Pet Separation Anxiety: The Human-Animal Bond in Two Studies

Are you one of the millions of people who suffer from pet separation anxiety?

Studies have shown that the human-animal bond is a powerful one, and that many people experience anxiety when separated from their pets. This phenomenon has become even more pronounced after we all spent months at home with our pets 24/7 because of Covid.

In this blog post, I will discuss two studies that looked into pet separation anxiety.

The participants in the first study consisted of 313 Australian pet owners, 90% of whom were women.

In the second study, on the other hand, the researchers looked for evidence of pet separation anxiety in a group of freshmen in college in the US who had recently been separated from their family pets.

What is Separation Anxiety Disorder?

People struggling with Separation anxiety disorder (SAD) feel intense worry, nervousness, and fear when they are separated from a person or thing to which they are attached. These feelings can be so strong that they interfere with normal daily activities, such as sleeping, eating, or going to school or work.

The main symptoms of separation anxiety disorder include:

  • Excessive worry about separation from attachment figures.
  • Persistent and excessive fear of losing attachment figures or someone close to them.
  • Avoidance of activities that involve separation from attachment figures.
  • Persistent and excessive fear of being alone.
  • Intense distress when separation from attachment figures occurs or is anticipated.
  • Persistent and excessive fear of things happening to attachment figures.
  • Repeated complaints of physical symptoms (such as headaches, stomachaches, nausea, or vomiting) when separation from attachment figures occurs or is anticipated.
  • Children will often refuse to go to school. Other possible behaviours include clinginess and tantrums.

Pet Separation Anxiety – The Australia Study

In a paper entitled Adult Separation Anxiety Disorder: The Human-Animal Bond, which was published in The Journal of Affective Disorders, the researchers looked at the onset of Separation Anxiety Disorder in adults when separated from their animal companions.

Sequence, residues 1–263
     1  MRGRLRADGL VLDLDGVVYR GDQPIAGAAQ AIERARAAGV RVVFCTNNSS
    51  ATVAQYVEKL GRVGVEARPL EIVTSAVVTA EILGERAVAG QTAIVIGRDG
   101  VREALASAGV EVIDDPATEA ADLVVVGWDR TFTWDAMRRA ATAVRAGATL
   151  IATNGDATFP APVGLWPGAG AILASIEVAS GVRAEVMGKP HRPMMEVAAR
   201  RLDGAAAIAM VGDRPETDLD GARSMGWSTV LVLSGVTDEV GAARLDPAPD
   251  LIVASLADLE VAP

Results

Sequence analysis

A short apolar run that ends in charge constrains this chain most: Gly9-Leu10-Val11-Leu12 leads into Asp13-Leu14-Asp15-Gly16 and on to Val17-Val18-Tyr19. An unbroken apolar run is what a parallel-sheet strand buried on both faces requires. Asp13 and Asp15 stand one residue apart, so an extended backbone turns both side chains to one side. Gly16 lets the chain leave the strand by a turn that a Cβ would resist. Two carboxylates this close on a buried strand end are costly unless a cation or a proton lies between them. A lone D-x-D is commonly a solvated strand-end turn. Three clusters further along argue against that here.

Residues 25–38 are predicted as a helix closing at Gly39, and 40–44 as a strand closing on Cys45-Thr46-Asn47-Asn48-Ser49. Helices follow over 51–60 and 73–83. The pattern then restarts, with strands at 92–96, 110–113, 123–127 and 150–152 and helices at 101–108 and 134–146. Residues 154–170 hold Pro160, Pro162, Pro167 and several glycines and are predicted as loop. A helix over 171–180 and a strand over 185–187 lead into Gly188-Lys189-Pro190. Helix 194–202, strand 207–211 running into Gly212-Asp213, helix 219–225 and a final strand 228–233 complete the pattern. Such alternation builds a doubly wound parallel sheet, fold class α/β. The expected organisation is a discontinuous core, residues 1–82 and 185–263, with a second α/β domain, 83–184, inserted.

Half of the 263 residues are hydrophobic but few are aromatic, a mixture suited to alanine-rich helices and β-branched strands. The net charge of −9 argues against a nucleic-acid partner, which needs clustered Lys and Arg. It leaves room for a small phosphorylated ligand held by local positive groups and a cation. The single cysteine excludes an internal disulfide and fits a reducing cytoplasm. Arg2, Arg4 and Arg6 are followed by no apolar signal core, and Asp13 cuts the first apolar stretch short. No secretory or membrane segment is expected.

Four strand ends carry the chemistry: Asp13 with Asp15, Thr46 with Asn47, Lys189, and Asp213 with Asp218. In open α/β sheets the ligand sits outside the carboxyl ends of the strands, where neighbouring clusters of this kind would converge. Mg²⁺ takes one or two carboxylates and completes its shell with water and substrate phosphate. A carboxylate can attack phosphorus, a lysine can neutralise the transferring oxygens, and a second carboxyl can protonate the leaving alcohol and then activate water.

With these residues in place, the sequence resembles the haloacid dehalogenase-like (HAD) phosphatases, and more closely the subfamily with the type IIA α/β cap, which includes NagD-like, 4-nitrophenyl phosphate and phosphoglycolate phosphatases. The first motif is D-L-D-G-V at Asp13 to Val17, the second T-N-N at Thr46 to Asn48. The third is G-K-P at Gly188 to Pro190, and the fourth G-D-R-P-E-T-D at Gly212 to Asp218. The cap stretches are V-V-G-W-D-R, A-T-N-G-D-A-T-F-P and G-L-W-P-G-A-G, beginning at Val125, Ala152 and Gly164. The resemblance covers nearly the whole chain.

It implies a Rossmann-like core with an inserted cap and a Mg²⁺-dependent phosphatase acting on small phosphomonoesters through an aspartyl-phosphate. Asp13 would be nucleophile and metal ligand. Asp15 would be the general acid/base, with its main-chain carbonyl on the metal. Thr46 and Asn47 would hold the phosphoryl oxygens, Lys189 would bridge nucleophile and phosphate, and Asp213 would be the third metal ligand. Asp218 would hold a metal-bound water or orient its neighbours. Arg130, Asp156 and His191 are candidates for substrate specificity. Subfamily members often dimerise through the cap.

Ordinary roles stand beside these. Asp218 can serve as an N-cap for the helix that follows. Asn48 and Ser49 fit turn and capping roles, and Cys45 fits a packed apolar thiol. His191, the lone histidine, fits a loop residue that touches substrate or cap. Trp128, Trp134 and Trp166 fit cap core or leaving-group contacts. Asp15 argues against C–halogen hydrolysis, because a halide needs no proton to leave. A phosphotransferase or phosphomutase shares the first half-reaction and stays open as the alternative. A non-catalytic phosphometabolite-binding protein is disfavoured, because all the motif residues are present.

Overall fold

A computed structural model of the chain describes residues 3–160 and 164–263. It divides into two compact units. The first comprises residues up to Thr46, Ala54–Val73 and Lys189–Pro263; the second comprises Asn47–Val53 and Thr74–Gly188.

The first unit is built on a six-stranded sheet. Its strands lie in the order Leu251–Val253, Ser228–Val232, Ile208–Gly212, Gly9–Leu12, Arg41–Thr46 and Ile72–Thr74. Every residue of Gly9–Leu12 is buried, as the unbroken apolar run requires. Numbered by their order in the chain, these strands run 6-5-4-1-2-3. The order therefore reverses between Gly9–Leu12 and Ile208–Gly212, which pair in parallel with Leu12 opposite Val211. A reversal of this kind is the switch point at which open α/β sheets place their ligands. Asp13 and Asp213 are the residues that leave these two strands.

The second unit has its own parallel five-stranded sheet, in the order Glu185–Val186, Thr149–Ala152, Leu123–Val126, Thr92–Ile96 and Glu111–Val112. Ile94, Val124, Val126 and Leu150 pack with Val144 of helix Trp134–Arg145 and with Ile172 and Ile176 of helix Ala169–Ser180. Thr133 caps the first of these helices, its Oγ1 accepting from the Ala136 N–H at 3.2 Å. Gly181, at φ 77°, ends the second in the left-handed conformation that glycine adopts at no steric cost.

The study found that people who experienced pet separation anxiety tended to be highly attached dog owners who did not have children living at home and who had limited friendships.

The owners of cats did not develop the same close bonds that dog-owners did with their pets, and hence were less prone to suffering from pet separation anxiety.

Pet Separation Anxiety – The US Study

The second study was carried out by Washington State University anthropologists Alexa Carr and Patricia Pendry. They published their results in the journal Anthrozoos, a multidisciplinary journal of the interactions between people and other animals.

They were looking for evidence of pet separation anxiety in a group of anxious owners who were freshmen in college. Freshmen college students move away from home and they have to leave their family pets behind.

The researchers concluded that students with significant pet involvement had separation anxiety as they adjusted to college. This jeopardized their academic progress and was a potential risk factor for potential mental health concerns.

How to ease your pet separation anxiety

The bond between humans and their dogs is a strong one, and it’s not surprising that many people experience anxiety when separated from their pets. It also makes sense that this anxiety is even more profound when the person is almost totally dependent on their pets for companionship, as is the case with people who have been widowed or who live alone.

If you are experiencing pet separation anxiety, there are things that you can do to ease your anxiety. These include:

  • Make sure that your pet has a safe place to stay while you’re away. That will ease your worries, and you will also be able to relax and have fun without feeling guilty.
  • Leave your pet with a familiar person or animal. You will then know for sure that your pet is happy and well cared for.
  • Stay in touch with your pet while you’re away by sending texts, photos, or videos.

You should also address the underlying issues that have made you so dependent on your pet in the first place. Having a close bond with your dog is a wonderful thing. However that does not mean that you should not also try to build similarly strong bonds with other people. This will make you a happier and more well-rounded person, and will help to ease your pet separation anxiety.

Some ideas to widen your network of friends and acquaintances include:

  • Join a club or team.
  • Attend community events.
  • Volunteer for a cause that you care about.
  • Get a part-time or full-time job.
  • Go back to school.
  • Take a class.
  • Join a meetup group.
  • Make an effort to connect with people who have similar interests.
  • Attend religious or spiritual services.

Final Thoughts

You could also try to join clubs or activities where your dog can come along and join in the fun. This way, you can socialize with other people and your dog at the same time. Doing so will help to reduce your pet separation anxiety and will make you both happier in the long run.

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